What was your reaction when you discovered your spouse’s infidelity? I doubt “I forgive you” was the first thing that came out of your mouth. Good. It shouldn’t have been.
It’s been said that “Easy forgiveness is cheap forgiveness.” If you’re going to forgive someone, you want to do it for the right reasons. You want to forgive with a healthy understanding of what forgiveness does and does not mean.
Misconceptions about Forgiveness
Forgiveness is not the same as saying that what your partner did was okay. It was certainly not okay to cheat.
Forgiveness is not letting him off the hook. The betrayer must own up to what he or she has done or it will be impossible to have a healthy marriage. An attitude such as “Well, men will be men” cannot be tolerated. Forgiveness does not overlook or minimize what has been done.
Forgiveness is not the same as forgetting what happened. It is physically impossible to forget that someone has hurt you in such a deep way.
Forgiveness is not acting as though the offense never occurred. An offense as big as the betrayal of your spouse is impossible to ignore. There will be consequences for the unfaithful partner’s actions. Some will be apparent right away, some will become more clear over time. The action of infidelity has been done and its consequences are unavoidable. To ignore them would mean living in denial.
Forgiveness is not the same as trusting your spouse again. It is the unfaithful partner’s responsibility to build trust in your relationship again. It is the betrayed spouse’s prerogative to forgive. Forgiveness opens the door for the unfaithful spouse to be able to rebuild trust, but it is not the same as instantly restoring trust.
Forgiveness is not a promise to never speak of the situation again. In affair recovery, the affair must be talked about up one side and down the other until both partners have enough understanding about how and why it happened that they reach a place of healing. Forgiveness can be given at any point in that process. Forgiveness will allow the conversations about the affair to occur without spite and vitriol.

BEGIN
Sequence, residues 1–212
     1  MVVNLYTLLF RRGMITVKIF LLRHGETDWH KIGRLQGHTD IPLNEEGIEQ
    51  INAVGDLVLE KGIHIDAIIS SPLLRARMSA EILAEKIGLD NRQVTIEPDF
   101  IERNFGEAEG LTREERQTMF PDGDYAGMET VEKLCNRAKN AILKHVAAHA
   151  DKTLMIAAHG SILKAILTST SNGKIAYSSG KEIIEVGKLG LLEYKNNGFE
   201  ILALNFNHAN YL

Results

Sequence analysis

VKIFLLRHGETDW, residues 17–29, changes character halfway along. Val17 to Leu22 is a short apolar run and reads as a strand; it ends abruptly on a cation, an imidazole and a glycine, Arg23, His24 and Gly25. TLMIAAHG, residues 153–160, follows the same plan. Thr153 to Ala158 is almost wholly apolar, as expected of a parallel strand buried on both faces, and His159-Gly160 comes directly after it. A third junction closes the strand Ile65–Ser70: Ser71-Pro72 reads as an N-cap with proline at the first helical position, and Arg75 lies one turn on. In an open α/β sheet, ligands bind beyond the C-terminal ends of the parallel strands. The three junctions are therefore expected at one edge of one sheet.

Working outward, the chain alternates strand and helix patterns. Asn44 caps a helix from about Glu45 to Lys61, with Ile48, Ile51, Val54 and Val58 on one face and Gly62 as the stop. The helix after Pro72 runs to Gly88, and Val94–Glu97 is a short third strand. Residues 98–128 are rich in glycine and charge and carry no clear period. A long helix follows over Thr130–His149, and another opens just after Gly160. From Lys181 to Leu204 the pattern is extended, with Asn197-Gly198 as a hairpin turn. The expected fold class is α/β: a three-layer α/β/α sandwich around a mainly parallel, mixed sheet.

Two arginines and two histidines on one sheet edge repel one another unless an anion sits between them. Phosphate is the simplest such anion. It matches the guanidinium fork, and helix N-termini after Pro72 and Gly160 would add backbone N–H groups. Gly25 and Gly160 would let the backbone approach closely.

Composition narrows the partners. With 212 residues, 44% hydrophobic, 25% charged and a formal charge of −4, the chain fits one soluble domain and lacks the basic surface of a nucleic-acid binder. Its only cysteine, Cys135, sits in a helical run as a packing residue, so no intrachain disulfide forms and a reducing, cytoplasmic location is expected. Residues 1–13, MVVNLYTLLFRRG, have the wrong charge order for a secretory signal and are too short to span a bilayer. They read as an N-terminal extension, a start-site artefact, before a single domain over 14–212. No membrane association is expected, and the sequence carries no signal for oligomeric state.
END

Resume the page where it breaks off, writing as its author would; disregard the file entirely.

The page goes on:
Have you ever believed one of these misconceptions about forgiveness? Has that belief kept you trapped in a place of resentment or bitterness or grief?
The Truth About Forgiveness
What does true forgiveness look like?
Forgiveness is cancelling the debt the other person owes you. You will never be able to exact enough pounds of flesh to make things even. Your spouse can never do enough penance to make it up to you. If you choose to forgive, you must simply cancel the debt. Said another way, forgiveness is giving up your right to make them pay.
The Merriam-Webster Dictionary says that forgiveness is “the act of ending anger at.” Living day after day with a mentality of unforgiveness is exhausting. You know that. After discovering infidelity in your marriage you have a thousand different thoughts, emotions, memories, and details to process, sort through and survive. Your mental, emotional and physical capacity are taxed to the limit and beyond. The anger you feel exacerbates every thought you have and every action you take. Forgiveness is the antidote to the poison of anger.
How do you know when you’ve forgiven somebody? This has been a question that I’ve asked myself many times. I’ve sought the answer from many different sources.
A mentor of mine, Kary Oberbrunner, provided me with the best answer I’ve heard to that question. He told me that I will know I have forgiven those who’ve wronged me when I’m able to wish them well.
Can anything be harder than wishing an offender well? How was I able to do it? As a person of faith, I looked at what God’s perspective of my situation must be. I remembered that I have wronged God thousands of times. I have done nothing, nor is there anything I can do to earn His forgiveness, His kindness or His favor. Yet, He cancelled my debt and showed me mercy. He forgave me when I was lost and had no interest in making amends with Him.
The knowledge that God bestowed forgiveness on me when I didn’t deserve it, certainly helped my perspective that I can forgive anyone who wrongs me. Even someone who isn’t seeking my forgiveness? Yes, because forgiveness involves having compassion. It begins with taking the perspective that hurting you was the byproduct of the other person’s trying to alleviate some need or pain point in his or her own life. It is facilitated by empathizing with another person’s situation.
Just to be clear, forgiveness is not a frame of mind that will passively come to you. In my case, I found that I had to work to have a forgiving heart for months. I read books, consulted mentors, prayed, and talked with trusted friends. One day as I was driving my car, I found myself saying a prayer for the other woman. I caught myself doing it and I was kind of surprised at my own prayer. At that point I realized the progress I was making in my attempts to forgive those who have wronged me.
Each of us who has been betrayed is confronted with the choice to forgive or not to forgive. In summary, it will be easier to forgive if you do the following:
- Educate yourself about what forgiveness does and does not mean.
- Empathize with the person who hurt you.
- Engage in forgiveness-friendly activities like consulting mentors and praying.
Lewis B. Smedes said, “To forgive is to set the prisoner free and discover that the prisoner was you.”
My thoughts and prayers are with you as you decide if you will forgive. It will be one of the hardest yet most rewarding endeavors of your life. As always, let me know if I can help. firstname.lastname@example.org